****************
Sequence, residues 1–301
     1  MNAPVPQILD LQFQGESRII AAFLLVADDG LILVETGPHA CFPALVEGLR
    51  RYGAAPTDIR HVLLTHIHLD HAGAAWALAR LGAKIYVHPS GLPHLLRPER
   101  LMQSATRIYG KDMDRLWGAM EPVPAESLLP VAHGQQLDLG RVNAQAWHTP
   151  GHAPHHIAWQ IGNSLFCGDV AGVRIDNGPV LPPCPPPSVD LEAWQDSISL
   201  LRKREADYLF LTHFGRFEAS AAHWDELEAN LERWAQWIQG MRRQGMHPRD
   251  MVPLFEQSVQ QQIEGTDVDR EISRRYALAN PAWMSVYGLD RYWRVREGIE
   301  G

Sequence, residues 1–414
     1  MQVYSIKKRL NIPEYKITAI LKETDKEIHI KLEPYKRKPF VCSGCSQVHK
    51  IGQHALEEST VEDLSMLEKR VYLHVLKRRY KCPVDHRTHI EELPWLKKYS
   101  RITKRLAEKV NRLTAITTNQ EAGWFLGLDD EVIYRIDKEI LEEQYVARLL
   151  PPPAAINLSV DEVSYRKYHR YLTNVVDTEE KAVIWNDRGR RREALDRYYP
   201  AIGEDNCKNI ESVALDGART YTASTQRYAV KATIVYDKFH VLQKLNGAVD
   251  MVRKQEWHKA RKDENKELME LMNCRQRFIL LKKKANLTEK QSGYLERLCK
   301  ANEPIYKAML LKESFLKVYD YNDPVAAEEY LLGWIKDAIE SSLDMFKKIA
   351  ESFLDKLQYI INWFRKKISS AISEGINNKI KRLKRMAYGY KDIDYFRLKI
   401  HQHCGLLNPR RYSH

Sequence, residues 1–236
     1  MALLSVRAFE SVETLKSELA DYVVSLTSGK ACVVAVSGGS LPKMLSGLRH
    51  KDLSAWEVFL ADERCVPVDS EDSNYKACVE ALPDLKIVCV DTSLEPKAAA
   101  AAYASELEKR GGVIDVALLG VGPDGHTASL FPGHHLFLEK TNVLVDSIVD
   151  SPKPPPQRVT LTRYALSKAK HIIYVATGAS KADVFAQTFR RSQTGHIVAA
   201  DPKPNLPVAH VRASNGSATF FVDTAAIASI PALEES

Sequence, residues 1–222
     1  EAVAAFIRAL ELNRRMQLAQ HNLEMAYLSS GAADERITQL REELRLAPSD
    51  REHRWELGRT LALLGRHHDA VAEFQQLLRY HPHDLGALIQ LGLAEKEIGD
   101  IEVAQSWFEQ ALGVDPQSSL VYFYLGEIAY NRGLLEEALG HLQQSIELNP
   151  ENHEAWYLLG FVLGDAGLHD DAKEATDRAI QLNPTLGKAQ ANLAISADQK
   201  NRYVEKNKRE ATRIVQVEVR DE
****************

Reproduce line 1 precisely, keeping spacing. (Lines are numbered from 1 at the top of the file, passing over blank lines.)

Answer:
Sequence, residues 1–301